Posts Tagged ‘Satya’

The Contentment in Right Action

Wednesday, July 17th, 2013

The Contentment in Right Action

Yoga is the practice of self-awareness. It’s goals are freedom, Self realization, divine expression. Satya is about living our truth. Finding our truth, both on and off the mat, can be challenging. Svadhyaya (self-study) is the means.

By Kathi Burke

A life story:

Recently, my directors announced that there would be no raises for the fifth consecutive year. We’ve grown too large and our profit margin too small. Despite their request for feedback, I kept my own counsel. My thoughts were most likely controversial ones and I have worked for many years on curbing my often passionate and impulsive flow of words.

After allowing my ideas to percolate, I wrote them. I suggested we increase salaries to a few, should there be a small overage. I advanced the theory that the youngest faculty, who were often repaying loans and prohibitive insurance costs were working for entry-level salaries, thus more negatively impacted by budgetary constraints. I proposed that the best and brightest of these were the agency’s future but also were most likely to be recruited to work elsewhere.  I named a few and took the opportunity to share my pleasure in working with an excellent young teacher for the past two years.

Long story short, I made a mistake. I said something else. In order to dispel the characteristic notion that “no one is hiring”, I shared that I knew that at least one school district had already approached my exemplary colleague with an offer. I pushed SEND. Then, I was flooded with regret.

Satya requires us to take the next “right action” in any given moment. Just because something is truthful, it does not make it right to share. I called my colleague and told on myself only to find out that she and a few others had been given a retroactive increase two days prior from some grant monies. WOW! I was overjoyed! How wonderful!

Not even close.  A day later the raise was retracted. The reason, of course, was my letter. They saw the fact that she hadn’t shared the offer as subversive and offensive. We were shocked! I was guilty of every possible charge I could muster against myself. We engaged in debating the fairness of their decisions for some time; and then it hit me.

Svadhyaya requires letting go of results and complete immersion of oneself in the process.  At the core of self-study is the attitude of non-attachment.  I’ve acknowledged my overly zealous nature. My passion can champion many causes well, but it can also obscure my truth.  I recently read that through santosa we end the war with reality. When we are attached to a particular outcome, we often aren’t able to perceive truth. When invested in our own view, we obscure the views of others. Our curiosity in possibilities is suppressed; as we build our case, we move away from the core of our being.

This problem wasn’t about them, how rational or irrational their decision. It wasn’t even about my colleague. It was about my sharing information that wasn’t mine to share, an old character flaw of impulsive zeal. I stopped participating. I accepted full blame. I apologized. Then I went home and wrote a check. When I put it in the mail the next morning, a sense of calm and freedom returned. This summer, each time I choose not to make an unnecessary purchase, I am reminded to be grateful for the assistance in erasing a samskara, one of attaching myself too passionately to an outcome.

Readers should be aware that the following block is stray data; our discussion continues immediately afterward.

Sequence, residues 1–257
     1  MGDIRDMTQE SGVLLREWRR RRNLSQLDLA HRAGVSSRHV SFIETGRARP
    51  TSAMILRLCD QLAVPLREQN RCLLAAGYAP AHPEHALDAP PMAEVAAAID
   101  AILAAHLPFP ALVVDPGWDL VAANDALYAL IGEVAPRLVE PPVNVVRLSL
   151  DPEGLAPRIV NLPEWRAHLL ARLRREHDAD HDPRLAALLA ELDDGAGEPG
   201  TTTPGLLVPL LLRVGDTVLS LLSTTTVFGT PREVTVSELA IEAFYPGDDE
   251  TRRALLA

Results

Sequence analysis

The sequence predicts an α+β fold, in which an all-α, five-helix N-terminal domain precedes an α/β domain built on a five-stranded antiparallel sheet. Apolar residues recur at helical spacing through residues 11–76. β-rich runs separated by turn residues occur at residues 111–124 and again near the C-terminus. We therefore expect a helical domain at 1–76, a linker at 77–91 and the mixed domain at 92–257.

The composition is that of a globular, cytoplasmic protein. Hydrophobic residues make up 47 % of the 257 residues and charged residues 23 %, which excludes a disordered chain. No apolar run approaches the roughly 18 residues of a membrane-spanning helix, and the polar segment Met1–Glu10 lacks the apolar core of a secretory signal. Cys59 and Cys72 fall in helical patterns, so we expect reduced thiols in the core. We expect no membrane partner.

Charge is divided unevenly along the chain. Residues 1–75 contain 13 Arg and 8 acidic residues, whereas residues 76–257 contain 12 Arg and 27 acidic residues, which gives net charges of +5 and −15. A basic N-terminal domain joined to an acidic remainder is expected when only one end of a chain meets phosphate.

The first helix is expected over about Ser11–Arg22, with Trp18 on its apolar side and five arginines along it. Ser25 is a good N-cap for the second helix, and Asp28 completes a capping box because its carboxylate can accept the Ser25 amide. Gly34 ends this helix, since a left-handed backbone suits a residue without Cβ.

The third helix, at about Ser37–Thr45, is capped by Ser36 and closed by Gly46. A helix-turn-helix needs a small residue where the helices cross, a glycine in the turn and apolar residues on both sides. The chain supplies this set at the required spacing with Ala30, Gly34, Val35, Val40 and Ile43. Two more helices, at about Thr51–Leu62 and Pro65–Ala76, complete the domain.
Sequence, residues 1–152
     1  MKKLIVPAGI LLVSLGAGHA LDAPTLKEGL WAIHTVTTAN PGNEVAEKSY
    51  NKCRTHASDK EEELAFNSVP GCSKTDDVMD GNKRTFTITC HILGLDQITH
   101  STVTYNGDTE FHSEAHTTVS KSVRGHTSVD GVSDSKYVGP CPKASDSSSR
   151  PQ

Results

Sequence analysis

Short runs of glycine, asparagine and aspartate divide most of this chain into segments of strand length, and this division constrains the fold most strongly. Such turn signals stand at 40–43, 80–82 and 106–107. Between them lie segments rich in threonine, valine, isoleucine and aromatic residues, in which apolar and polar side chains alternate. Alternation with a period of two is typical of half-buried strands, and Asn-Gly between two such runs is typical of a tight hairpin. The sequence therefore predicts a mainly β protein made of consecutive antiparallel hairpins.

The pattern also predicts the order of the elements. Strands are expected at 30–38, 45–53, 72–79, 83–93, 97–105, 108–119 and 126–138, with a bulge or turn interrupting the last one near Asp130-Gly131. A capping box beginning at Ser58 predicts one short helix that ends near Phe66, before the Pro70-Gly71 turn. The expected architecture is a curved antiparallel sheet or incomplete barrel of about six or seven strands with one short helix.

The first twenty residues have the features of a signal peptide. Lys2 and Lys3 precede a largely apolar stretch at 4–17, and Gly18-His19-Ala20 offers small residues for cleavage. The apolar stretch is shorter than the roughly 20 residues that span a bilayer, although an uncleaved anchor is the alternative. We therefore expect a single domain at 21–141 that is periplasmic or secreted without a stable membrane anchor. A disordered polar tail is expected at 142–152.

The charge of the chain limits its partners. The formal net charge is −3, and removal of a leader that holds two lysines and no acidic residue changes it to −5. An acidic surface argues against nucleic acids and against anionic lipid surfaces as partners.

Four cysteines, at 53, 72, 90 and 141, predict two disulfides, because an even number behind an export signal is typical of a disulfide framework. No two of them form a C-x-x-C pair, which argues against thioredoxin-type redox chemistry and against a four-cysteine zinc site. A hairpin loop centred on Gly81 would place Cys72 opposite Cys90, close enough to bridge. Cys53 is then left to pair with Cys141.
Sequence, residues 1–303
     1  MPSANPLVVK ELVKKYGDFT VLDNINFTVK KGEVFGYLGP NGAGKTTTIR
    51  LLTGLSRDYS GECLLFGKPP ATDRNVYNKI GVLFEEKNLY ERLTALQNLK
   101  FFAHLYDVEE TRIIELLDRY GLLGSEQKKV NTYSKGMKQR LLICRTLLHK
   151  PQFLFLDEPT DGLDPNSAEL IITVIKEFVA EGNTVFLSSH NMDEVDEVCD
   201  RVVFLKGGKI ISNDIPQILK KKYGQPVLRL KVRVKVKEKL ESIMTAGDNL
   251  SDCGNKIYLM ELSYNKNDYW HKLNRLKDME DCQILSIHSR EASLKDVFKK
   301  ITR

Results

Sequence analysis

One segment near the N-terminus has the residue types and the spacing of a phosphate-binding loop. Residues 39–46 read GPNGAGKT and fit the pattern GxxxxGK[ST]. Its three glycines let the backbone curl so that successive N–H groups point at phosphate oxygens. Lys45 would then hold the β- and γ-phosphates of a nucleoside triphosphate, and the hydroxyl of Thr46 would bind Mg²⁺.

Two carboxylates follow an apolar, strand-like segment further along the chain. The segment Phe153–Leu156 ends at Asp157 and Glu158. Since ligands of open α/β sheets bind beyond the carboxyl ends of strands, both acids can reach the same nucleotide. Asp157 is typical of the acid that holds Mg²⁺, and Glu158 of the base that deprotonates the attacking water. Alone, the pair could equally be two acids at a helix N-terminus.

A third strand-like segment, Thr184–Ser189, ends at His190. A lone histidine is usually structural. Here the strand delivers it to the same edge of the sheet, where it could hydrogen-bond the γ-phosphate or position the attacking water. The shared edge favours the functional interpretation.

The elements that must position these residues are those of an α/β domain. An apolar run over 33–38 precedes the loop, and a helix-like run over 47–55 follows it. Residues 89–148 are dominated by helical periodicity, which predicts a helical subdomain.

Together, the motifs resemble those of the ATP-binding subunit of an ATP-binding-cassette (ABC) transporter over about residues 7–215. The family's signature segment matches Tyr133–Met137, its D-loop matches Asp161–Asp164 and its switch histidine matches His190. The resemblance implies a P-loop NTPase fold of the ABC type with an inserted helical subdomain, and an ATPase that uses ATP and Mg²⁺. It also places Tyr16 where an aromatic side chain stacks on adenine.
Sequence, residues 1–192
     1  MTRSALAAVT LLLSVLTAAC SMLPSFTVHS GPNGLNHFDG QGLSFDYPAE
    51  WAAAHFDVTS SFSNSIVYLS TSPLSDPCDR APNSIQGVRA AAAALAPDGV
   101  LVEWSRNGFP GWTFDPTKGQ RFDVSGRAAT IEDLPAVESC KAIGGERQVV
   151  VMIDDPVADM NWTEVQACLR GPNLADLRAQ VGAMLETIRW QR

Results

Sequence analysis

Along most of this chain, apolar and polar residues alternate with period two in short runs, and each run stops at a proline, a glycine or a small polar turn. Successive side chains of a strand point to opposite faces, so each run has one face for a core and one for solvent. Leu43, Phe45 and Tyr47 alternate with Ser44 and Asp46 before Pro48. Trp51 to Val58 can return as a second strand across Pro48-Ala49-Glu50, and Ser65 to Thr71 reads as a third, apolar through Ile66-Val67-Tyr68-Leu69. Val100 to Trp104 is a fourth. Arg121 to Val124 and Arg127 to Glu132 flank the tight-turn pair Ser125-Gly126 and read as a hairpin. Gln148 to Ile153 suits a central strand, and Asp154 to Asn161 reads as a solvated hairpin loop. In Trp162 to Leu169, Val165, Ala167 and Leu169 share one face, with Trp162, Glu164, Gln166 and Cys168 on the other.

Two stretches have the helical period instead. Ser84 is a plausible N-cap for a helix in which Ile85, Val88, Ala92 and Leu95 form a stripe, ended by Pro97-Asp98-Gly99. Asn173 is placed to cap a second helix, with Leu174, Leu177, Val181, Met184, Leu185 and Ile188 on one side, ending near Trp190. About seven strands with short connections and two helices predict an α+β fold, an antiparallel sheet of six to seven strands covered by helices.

In yogic philosophy,  samskaras cycle through many lives. Only through the awareness of these negative traits through svadhyaya, do we avail ourselves of the opportunity to grow into our divinity and to abandon these patterns. The object of self-study is an emerging awareness of the divinity within. The single most profound illusion is our misguided belief that we are separate from god. It is in birthing the realization that we carry the divine within us that we grow in satya and santosa.

The mat story:

While I’ve had a lifetime to work on the observance of self-study and the restraints of truthfulness, I am in my infancy applying these concepts to the mat. Seneca wrote: “It is not because things are difficult that we do not dare; it is because we do not dare that things are difficult.” Getting caught up in my “story” of injury and poor health distorts my truth on the mat. Recognizing and embracing my improving health will serve me better as I relax into today.

Svadhyaya requires me to put my reactions aside with my “story”.  I can learn to examine my fear, my distrust and my attitudes about specific postures truthfully and with curiosity only when I release my grip and practice non-attachment. I know from life experiences that when I invest in outcomes, I loose my availability for growth and contentment.

I find that when I approach the mat with fear, I am unable to remain still in body and mind, thus becoming unavailable to learn the lessons I require to grow. If I obsess about what I am “unable to do”, I will make that my reality. Letting go of fear will bring greater sensation, awareness and growth.

As with my zealotry in my work life, my fear of physical weakness and strength in balance may be another samskara waiting to be released.

Kathi Burke is the mother of three grown children and lives in Troy, NY with her husband of 40 years and her Jack Russell, Pepper. She finds joy as a speech pathologist working with young children and  in teaching a movement form combining martial, healing and dance arts called NIA.